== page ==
With the sobering experience of the recession, we knew we had to reduce the size of our staff significantly. After consulting with multiple groups and committees, we charted a deliberate course that we knew would be drawn out and inevitably create anxiety along the way, but we hoped would allow us to reduce staff fully voluntarily. We offered two early retirement programs and a voluntary separation program for staff, and then a parallel program for senior faculty. These programs were implemented as part of the SRC's institutional staffing analysis, which gave us a good, though not perfect, approximation of the size of the staff we needed to run the institution and not jeopardize our mission or compromise the quality of our students' education.
It has now been a full year since we introduced the first early retirement program. It has been a long year, one in which many staff offices have given a lot of thought to how we might function with fewer staff, and many staff have been asked to think about how they might serve the college differently. I am pleased to report that all of our efforts have been extremely successful—so successful that I will be submitting to the Board of Trustees next week a set of planning assumptions that shows a balanced budget through 2015. I am happy to say that, barring any unexpected deep decline in the economy—and I mean a really deep decline—staff layoffs are now off the table.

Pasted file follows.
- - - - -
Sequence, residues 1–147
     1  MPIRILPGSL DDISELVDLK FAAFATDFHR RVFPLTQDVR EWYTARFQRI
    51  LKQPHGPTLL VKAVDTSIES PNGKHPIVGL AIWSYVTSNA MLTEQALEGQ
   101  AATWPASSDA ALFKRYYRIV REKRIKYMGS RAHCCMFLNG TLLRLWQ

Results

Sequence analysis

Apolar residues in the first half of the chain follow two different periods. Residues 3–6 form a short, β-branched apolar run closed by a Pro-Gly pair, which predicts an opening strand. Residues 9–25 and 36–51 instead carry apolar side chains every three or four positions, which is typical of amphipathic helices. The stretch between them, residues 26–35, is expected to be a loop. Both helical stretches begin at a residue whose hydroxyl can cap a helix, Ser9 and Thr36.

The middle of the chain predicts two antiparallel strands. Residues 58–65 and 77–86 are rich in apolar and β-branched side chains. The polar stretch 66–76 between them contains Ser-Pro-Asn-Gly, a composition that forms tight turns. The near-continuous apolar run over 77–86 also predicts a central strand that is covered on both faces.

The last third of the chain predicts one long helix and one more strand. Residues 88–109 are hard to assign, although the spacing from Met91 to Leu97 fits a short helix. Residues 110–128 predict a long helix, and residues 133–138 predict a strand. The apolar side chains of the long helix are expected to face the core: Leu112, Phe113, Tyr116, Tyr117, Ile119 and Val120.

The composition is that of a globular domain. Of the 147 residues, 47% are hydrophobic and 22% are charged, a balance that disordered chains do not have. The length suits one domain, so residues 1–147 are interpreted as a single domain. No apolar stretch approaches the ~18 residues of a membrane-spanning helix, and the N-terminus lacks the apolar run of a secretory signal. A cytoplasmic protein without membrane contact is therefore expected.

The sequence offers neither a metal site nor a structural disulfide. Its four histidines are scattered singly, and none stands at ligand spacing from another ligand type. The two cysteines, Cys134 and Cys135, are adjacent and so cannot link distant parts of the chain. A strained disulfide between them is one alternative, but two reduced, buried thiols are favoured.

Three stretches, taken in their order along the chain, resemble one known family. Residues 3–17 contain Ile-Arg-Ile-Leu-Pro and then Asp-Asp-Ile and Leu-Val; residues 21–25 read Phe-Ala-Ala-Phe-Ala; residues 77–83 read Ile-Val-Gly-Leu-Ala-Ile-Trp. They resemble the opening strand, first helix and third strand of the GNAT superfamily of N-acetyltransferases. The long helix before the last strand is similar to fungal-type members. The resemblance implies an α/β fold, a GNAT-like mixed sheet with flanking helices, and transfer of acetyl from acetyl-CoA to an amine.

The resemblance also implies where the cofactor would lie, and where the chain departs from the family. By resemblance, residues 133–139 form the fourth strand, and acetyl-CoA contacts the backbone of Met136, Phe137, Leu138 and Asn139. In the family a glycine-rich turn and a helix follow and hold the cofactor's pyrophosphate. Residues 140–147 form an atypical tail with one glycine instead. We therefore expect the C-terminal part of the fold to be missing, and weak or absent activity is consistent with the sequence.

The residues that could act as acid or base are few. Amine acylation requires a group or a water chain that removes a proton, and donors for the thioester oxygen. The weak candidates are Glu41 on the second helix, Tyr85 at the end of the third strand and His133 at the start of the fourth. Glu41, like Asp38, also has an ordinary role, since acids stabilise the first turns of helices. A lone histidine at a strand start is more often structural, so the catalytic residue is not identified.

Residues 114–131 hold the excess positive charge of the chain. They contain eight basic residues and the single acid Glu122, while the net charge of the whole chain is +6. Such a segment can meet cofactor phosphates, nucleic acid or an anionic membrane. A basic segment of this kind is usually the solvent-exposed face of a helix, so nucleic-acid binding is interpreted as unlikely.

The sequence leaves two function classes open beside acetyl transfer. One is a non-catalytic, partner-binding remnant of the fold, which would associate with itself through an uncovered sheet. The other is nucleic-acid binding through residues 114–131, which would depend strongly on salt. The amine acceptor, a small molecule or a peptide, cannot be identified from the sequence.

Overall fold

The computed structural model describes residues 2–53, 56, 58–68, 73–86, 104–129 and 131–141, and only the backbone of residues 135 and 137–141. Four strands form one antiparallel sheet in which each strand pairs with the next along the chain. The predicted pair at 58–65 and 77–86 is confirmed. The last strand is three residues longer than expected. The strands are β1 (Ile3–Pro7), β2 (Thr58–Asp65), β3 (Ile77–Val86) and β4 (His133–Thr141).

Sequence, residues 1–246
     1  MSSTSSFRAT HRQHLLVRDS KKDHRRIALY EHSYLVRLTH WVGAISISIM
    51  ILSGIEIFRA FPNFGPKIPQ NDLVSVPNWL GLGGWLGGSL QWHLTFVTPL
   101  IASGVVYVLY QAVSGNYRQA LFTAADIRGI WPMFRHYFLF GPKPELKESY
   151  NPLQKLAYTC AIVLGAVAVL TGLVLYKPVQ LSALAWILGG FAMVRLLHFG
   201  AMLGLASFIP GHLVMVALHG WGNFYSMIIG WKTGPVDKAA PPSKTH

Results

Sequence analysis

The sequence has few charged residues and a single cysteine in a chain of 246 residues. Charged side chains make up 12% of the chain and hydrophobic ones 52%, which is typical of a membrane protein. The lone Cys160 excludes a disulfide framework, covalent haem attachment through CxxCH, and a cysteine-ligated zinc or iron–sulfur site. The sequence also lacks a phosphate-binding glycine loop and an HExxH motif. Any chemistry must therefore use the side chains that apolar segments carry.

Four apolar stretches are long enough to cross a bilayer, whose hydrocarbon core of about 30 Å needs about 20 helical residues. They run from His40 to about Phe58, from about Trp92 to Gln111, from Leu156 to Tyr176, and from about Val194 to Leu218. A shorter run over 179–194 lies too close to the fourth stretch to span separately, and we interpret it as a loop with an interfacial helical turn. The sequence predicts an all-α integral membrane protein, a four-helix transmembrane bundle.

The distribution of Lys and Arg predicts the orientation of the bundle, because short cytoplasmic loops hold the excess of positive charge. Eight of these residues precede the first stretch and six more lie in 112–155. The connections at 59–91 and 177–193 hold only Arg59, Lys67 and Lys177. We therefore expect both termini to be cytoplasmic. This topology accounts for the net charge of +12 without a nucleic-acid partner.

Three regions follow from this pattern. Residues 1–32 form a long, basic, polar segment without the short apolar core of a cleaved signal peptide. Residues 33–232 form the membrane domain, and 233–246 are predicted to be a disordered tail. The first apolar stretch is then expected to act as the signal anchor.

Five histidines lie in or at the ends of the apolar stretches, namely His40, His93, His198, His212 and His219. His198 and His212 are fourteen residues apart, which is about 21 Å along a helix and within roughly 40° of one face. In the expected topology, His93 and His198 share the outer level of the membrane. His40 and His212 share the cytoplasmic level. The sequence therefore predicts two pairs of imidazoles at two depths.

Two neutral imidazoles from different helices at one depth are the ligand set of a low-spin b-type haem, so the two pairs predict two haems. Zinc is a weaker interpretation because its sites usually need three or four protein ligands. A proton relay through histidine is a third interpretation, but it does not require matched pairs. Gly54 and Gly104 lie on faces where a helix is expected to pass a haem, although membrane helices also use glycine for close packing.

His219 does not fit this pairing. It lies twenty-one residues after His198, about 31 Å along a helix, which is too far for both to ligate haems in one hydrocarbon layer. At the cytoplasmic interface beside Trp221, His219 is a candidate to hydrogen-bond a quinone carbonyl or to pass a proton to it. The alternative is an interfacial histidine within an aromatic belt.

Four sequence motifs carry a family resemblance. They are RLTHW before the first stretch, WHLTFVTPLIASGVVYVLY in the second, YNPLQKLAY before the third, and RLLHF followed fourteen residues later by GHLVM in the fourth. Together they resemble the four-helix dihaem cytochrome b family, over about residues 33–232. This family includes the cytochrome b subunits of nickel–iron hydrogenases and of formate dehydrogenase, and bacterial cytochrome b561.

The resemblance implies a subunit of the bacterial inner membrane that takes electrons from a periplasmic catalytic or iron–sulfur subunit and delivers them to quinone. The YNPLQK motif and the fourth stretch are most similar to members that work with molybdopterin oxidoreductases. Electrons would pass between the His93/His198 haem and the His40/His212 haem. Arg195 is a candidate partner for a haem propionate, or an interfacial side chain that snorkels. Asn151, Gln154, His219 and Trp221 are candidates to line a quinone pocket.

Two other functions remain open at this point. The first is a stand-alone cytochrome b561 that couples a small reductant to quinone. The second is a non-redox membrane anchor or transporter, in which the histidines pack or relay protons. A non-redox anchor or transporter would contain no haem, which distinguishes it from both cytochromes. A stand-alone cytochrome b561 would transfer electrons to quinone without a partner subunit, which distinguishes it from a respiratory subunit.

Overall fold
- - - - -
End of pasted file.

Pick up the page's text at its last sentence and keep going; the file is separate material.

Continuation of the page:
We owe a great amount of gratitude to members of the Budget Oversight Committee, the Staffing Resources Committee (SRC), and the entire staff for their hard work in putting forth recommendations and exhibiting great patience as we worked our way though the tedious process to get where we are today. As I said in public before, we knew there would be some pain experienced by staff regardless of how we arrived at where we are today: We chose the slow, and perhaps somewhat tortuous, path of offering those who were ready to retire or try another career some financial wherewithal and security to do so, and then working through a time-consuming staffing analysis to help guide us in covering the responsibilities formerly done by those who participated in the voluntary separation programs. We chose not to take the fast and unsettling approach of eliminating 100 to125 or so staff positions through immediate layoffs as some of our peers have done, and I believe we are better off as a result.
But our success the past 18 months does not mean we can go back to business as usual. We can't. We must weigh the costs and benefits of major policies that determine resource allocations, and must also adjust some of the major assumptions in our long term financial planning model. Here is an overview of what I will share with the Board of Trustees next week, which reflects many hours of discussion with various groups on campus, listening to members of the community at open meetings, reading and re-reading the results of the financial survey, including the 200-plus pages of comments many of you submitted, and taking into account the larger, external context and the new fiscal realities of the day.